Local authorities and housing providers must use data to provide a faster and more efficient service for the tenants they serve, says Gary Bell, Civica’s executive director for managed services.
Universal credit, the government’s ‘flagship reform’ of the benefits system, was introduced to make welfare payments easier for local authorities and housing providers. It was hoped that combining the likes of unemployment benefit, housing benefit and tax credits into one monthly payment would ultimately simplify the process.
While good in theory, problems with the roll-out, including many system design flaws and administrative glitches, are having a negative impact, not just on housing providers and local authorities but the citizens that they serve.
With around 6.5 million households still to move onto universal credit due to a phased roll-out, the pressure is set to grow. The impact of Universal Credit was therefore one of the key topics on the agenda at one of Civica’s recent leadership forums, attended by executives from local government and housing providers. Our panel of leaders not only discussed the reasons behind some of the challenges but also looked at ways in which technology can be used to overcome them.
Know your citizens
By understanding a tenant’s credit history, you can better judge and determine how people can pay debts and stay out of arrears. By identifying those who might have payment issues, housing providers will be better placed to work with those people likely to be impacted by universal credit early on in order to anticipate small issues before they become major problems. For example, if a tenant clearly has funds but is paid at an inconvenient time of the month with respect to the universal credit and rent cycles then payment dates could be shifted.
This is a strategy being employed by Cartrefi Conwy, whose finance director, Tony Deakin, said at our forum, “We’ve undertaken work with Experian to understand the credit history of our tenants and their propensity to pay online or via direct debit. We are also using basic ‘nudge’ principles in order to better understand how we can influence our tenants’ payment methods. All of this was influential in our work to develop and promote our online payment portal.”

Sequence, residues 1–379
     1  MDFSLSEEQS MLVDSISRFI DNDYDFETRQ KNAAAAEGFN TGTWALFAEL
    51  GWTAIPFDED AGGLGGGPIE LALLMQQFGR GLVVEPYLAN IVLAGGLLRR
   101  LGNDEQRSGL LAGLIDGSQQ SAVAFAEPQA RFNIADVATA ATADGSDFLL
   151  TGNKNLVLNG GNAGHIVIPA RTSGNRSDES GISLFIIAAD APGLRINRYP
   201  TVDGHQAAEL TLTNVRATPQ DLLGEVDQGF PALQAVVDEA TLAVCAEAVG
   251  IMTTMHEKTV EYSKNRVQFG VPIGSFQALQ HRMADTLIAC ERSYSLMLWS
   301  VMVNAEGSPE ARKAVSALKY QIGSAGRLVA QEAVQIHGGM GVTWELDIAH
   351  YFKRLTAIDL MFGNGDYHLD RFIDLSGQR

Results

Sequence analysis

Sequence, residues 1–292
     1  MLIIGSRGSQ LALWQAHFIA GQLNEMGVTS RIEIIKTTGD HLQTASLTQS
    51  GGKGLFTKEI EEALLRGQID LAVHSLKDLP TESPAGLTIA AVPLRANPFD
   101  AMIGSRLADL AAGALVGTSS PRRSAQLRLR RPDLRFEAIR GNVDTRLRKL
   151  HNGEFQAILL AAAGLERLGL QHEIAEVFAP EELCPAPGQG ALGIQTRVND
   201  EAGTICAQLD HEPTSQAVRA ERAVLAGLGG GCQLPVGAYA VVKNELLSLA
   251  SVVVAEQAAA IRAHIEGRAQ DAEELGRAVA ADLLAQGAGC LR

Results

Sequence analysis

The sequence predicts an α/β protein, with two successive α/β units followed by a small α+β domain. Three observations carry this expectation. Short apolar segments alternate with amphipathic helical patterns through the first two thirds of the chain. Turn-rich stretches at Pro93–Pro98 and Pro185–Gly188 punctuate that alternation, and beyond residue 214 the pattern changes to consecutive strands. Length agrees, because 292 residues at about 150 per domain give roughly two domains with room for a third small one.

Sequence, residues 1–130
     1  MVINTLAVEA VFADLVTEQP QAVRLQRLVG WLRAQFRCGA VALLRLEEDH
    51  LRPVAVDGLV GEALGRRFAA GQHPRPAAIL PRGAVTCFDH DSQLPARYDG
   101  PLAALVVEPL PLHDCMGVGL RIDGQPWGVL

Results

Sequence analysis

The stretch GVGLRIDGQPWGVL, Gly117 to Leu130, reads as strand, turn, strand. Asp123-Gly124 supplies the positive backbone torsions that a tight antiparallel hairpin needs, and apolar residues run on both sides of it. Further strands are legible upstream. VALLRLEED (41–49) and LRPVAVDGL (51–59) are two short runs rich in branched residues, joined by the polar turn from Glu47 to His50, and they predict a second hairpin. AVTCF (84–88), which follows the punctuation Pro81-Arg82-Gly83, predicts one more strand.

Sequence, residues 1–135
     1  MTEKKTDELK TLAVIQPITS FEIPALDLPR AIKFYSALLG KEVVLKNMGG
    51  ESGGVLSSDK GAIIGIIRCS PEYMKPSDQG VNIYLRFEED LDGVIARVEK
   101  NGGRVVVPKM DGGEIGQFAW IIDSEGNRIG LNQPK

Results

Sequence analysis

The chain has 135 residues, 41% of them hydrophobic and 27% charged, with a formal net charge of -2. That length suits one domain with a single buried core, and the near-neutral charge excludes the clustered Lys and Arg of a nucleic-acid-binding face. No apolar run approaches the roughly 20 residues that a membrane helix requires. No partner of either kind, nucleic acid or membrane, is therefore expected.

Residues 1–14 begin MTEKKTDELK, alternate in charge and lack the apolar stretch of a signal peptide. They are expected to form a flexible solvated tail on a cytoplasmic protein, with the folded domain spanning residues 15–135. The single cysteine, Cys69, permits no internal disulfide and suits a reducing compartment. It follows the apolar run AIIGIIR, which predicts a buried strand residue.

Use data to see the bigger picture
While local authorities and housing providers already hold a large amount of data on tenants, the challenge for all public-sector organisations is in making sense of that data in order to provide tangible benefits for end-users. These insights can also help better manage housing providers’ resources and workloads by highlighting when they might need more employees or focused project teams.
One organisation doing just that is Prospect Housing. Its director, Brendan Fowler, talked about how they are using technology to adapt their arrears modules; predictive analytics is allowing them to see who is regularly missing payments or paying late, in turn enabling them to liaise with tenants to identify new payment dates and methods to ensure they don’t fall into debt.
Map the customer journey
Housing providers will also benefit from looking at the multiple service points tenants use to get in touch and make payments to them. For example, having a 360° view of a tenant’s payment journey could allow them to notice that a tenant is behind with their rent and then map that back to see whether or not they have received their universal credit.
While the issues surrounding universal credit are well documented, one key take-away from our leadership forum was that many housing providers are taking positive action to not only lessen the negative impact of universal credit but to also move forward to create better services for their tenants.
This sentiment was encapsulated by Manjeet Gill, interim chief executive of Wokingham Borough Council, who said, “The key thing we have discovered is the need to be positive – there’s been an element of learning. We need to find the digital champions and the community development advocates to get people online.”
With much work still to be done, housing providers need to turn to data to offer their tenants a faster, more efficient service to enable universal credit to become the positive reform it was intended to be.
Gary Bell is the executive director for managed services at Civica.